Answer by Miles Dolphin:
The issues are legion:
- Physical Safety.
- Medical Safety.
- Political – National financial (taxes).
- Political – International (WHO and FCTC).
- Political – Medical/Tobacco Control/Tobacco Harm Reduction.
- Labelling, Quality and Bottling standards.
- Bias in the Press.
The physical safety issue is mostly to do with the battery, being Lithium-Ion it was, like the older laptops and mobiles, subject to catastrophic failure. Now that higher grade batteries are being used almost all failures are due to user error (wrong charger etc), or occasionally fraudulent products.
If Public Health England are satisfied with current e-cigs, then why……?
Political – National financial (taxes):
Vaping is a major worry for many governments, as it reduces the taxation garnered from cigarettes. Some politicians have stated that they don't want smoking to stop so fast, as they need to re-arrange their budgets to cope with lower income – much lower in some jurisdictions. (California and Italy being the two major examples of this).
Political – International (WHO and its FCTC):
The World Health Organisation sees vaping as a major threat to its self appointed task to eradicate smoking as it is the biggest killer among all the Non-Communicable Diseases. The "Not Invented Here" syndrome appears highly relevant. WHO's main weapon is the FCTC (Framework Convention on Tobacco Control), which it uses as a sledgehammer to crack nuts.
Political – Medical/Tobacco Control/Tobacco Harm Reduction:
Politically inclined medics do not seem to be acknowledging the research that has been done into vaping, and thus many politicians never get to hear about the latest results. However the status of the research has been leaking through to senior politicians, and the situation seems to be improving slowly.
The Tobacco Control Industry (and make no doubts, it is an industry) foresees the diminishing of its income from governments in the way of grants and other financial supports that help them lobby to enact anti-smoking (and now anti-vaping) legislation. Some professionals in this industry however see that vaping could be the answer that they have been looking for over many years, others however still favour the "Quit Or Die!" method of controlling the tobacco users, and thus reject vaping out of hand.
The Tobacco Harm Reduction camp of tobacco controllers are in a minority, and seeing little to no harm in vaping, are mostly in support of it. However this fairly vocal minority is fighting an uphill battle against the traditional style of tobacco control.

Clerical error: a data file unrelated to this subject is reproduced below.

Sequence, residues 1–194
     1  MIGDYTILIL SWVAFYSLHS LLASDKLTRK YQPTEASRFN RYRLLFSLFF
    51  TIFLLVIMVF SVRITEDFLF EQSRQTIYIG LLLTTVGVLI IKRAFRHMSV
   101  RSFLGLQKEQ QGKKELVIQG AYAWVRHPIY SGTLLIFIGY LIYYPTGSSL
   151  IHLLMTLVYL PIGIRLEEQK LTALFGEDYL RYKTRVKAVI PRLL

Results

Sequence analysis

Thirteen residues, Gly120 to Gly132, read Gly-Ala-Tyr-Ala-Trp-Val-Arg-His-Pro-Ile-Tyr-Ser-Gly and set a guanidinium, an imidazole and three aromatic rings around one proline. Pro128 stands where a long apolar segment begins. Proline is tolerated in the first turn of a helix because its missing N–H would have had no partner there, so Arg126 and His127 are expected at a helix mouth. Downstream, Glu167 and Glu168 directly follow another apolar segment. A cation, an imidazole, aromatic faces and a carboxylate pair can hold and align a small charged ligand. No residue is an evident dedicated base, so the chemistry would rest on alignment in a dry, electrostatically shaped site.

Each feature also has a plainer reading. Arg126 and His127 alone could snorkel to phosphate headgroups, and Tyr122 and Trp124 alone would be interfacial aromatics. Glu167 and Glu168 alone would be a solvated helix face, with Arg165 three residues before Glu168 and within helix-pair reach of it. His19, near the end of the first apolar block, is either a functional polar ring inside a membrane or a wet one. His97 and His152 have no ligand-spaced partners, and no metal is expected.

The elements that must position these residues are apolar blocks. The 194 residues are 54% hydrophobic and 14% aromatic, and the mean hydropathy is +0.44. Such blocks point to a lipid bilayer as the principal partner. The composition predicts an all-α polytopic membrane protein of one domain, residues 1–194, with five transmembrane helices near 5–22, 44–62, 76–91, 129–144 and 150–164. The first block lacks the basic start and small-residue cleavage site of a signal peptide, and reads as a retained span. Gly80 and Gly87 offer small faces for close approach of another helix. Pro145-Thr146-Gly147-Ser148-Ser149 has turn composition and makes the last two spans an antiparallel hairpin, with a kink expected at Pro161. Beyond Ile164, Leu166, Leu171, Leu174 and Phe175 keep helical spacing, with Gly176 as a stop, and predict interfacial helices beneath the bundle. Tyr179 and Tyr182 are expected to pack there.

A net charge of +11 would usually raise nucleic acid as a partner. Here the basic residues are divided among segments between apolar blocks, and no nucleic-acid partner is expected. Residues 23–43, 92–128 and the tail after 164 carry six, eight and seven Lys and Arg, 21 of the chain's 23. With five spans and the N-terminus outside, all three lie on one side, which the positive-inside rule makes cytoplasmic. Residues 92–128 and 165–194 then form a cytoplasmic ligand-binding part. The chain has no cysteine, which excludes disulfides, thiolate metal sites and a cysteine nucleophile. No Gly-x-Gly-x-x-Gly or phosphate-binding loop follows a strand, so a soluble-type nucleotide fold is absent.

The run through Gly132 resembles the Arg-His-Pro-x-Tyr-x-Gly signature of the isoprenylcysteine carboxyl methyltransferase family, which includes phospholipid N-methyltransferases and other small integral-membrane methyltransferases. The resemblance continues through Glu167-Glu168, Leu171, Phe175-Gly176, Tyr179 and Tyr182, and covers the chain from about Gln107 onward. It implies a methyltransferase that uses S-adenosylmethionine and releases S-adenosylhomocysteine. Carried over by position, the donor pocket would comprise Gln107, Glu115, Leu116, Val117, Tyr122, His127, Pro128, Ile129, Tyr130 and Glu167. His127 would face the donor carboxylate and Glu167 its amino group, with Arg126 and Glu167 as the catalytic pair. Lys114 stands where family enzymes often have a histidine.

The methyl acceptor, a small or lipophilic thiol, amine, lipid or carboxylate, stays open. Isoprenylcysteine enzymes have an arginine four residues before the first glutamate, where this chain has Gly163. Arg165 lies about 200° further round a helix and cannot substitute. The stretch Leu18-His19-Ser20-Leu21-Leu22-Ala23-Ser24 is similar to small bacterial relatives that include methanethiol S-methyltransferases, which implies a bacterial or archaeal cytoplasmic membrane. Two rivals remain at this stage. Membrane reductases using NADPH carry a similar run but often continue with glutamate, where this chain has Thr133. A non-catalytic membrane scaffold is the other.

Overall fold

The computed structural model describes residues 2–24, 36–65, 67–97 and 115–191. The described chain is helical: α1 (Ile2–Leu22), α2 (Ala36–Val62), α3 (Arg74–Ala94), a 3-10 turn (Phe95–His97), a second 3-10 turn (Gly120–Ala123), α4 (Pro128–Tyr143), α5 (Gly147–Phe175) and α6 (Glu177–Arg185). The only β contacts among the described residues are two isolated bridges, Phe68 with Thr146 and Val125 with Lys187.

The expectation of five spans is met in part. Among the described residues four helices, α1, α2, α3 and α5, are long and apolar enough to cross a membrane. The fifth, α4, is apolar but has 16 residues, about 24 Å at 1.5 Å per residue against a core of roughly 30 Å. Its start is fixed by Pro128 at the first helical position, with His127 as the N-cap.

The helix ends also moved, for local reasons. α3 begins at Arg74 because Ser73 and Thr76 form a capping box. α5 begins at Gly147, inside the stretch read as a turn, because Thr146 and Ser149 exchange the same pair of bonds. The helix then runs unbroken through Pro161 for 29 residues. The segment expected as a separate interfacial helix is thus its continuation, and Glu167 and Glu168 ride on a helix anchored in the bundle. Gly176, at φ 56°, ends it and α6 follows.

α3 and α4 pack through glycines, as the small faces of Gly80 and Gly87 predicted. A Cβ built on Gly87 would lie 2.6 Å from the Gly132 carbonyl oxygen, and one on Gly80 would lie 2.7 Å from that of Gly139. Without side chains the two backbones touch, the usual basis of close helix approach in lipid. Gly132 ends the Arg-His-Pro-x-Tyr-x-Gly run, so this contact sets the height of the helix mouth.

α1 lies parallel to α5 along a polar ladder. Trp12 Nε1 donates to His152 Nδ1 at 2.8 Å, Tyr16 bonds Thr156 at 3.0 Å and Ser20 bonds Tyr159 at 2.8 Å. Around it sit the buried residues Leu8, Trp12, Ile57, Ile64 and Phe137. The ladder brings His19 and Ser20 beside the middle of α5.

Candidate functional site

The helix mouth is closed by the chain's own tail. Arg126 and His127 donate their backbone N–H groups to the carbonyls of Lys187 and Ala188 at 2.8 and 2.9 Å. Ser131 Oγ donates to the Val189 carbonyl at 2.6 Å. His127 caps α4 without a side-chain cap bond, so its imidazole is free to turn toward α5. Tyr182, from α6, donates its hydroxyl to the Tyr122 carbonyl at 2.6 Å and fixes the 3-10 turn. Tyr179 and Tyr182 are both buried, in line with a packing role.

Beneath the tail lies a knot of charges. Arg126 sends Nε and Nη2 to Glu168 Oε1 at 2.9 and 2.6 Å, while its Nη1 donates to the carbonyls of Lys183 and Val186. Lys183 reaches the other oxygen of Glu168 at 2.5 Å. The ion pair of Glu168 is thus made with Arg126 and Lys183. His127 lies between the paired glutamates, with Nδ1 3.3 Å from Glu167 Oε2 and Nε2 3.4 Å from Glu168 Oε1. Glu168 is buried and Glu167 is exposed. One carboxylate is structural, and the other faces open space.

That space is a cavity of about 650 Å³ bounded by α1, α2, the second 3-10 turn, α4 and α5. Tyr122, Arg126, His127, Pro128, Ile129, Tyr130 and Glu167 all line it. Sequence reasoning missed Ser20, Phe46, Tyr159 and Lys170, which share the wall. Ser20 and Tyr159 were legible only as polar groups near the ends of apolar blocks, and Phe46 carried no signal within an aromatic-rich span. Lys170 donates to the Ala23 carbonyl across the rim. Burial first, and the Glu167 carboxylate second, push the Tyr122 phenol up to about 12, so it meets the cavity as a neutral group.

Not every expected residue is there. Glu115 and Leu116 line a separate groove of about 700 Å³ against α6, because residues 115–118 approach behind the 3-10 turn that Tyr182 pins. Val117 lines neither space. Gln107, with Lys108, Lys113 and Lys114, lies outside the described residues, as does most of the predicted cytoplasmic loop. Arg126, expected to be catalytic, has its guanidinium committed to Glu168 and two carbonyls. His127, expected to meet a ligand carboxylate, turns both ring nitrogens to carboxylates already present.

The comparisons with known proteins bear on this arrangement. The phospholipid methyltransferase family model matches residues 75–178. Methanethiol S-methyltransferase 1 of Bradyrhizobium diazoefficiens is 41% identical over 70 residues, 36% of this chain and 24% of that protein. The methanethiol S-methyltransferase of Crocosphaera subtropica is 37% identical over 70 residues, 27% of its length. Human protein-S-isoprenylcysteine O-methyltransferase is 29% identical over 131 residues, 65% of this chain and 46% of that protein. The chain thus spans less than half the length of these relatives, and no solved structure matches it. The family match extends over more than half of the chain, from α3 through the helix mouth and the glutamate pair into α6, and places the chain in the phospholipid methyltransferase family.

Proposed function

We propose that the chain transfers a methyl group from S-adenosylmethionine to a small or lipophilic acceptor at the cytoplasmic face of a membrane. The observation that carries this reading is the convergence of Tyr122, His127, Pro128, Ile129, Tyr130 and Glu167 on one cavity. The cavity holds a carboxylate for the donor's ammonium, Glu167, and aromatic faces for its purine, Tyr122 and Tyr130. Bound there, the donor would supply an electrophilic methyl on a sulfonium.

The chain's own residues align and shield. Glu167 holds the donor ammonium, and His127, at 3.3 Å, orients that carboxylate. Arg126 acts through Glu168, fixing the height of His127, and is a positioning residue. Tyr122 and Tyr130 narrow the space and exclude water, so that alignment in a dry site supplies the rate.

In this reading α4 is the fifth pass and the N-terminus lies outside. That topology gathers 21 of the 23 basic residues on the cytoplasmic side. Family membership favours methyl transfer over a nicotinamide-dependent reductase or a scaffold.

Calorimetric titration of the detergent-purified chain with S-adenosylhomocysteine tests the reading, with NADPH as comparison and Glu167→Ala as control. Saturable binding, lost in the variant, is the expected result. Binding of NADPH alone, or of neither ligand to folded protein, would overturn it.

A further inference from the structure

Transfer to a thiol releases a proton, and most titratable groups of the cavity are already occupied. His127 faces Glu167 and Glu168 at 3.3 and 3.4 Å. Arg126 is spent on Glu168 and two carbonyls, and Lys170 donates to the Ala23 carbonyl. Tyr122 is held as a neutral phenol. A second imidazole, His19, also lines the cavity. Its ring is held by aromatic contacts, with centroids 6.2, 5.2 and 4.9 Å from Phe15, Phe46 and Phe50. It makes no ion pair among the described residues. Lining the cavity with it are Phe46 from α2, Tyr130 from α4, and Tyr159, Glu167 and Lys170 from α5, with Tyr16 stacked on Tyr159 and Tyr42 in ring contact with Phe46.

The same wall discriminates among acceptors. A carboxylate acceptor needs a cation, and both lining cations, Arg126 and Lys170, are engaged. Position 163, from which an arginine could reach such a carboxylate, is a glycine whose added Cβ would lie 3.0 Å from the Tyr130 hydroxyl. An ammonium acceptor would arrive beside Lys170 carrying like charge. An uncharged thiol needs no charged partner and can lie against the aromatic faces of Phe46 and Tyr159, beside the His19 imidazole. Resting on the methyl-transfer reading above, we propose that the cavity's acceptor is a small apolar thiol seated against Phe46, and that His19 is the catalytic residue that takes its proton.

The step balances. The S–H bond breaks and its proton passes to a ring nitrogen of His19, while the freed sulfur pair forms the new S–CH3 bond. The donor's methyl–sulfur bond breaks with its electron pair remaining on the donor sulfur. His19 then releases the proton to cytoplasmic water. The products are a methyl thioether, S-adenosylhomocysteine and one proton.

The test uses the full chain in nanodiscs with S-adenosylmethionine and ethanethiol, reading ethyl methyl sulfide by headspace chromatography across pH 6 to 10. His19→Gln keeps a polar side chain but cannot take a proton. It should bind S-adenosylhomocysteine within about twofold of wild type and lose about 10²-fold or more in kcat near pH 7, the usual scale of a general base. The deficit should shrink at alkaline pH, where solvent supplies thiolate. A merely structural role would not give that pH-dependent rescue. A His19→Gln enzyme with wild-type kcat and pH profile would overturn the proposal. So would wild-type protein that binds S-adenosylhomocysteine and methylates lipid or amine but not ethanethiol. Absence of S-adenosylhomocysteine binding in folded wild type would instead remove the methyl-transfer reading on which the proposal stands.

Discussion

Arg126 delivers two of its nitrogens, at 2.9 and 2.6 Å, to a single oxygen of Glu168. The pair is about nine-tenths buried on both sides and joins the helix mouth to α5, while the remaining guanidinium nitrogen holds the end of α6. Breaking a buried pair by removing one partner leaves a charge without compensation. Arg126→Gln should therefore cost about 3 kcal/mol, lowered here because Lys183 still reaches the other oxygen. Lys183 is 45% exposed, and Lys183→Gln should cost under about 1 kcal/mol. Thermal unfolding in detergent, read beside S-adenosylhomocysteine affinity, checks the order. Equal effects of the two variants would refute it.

Labelling, Quality and Bottling standards:
Most of the Liquids produced around the world are now adhering to the standards promoted by either ECITA (Electronic Cigarette Industry Trade Association) in the UK and EU, or AEMSA (American E-Liquid Manufacturing Standards Association) in the USA. These two standards vary only in their legal requirements from country to country. They both insist on high quality in manufacturing (without the recently discovered to be dangerous chemicals, 2014), Child-proof bottles, and all the relevant warning labels.
Bias in the Press:
Stories about disasters always seem to sell better than nice, happy, feel-good ones, so that is what gets the most attention in the press.
We often see "E-cig explodes, causing house fire" type stories, but rarely see the stories which show how smoking rates are dropping in opposition to the growth of vaping.
Now that smoking has been banned in public places in the UK since 2007, is there any evidence at all that this has been a success for Pub…
Answer by Michael J. McFadden:
I examined this question fairly extensively for both the US and the UK in one of the longest chapters of my TobakkoNacht — The Antismoking Endgame (2013). I examined heart attack rates and admissions since that area of Public Health is the area that Antismokers have generally claimed as showing the strongest immediate impact from bans.
Here are several graphs, with commentary, that I used in that chapter (with much gratitude to Christopher Snowdon, author of Velvet Glove, Iron Fist: A History of Antismoking (2009).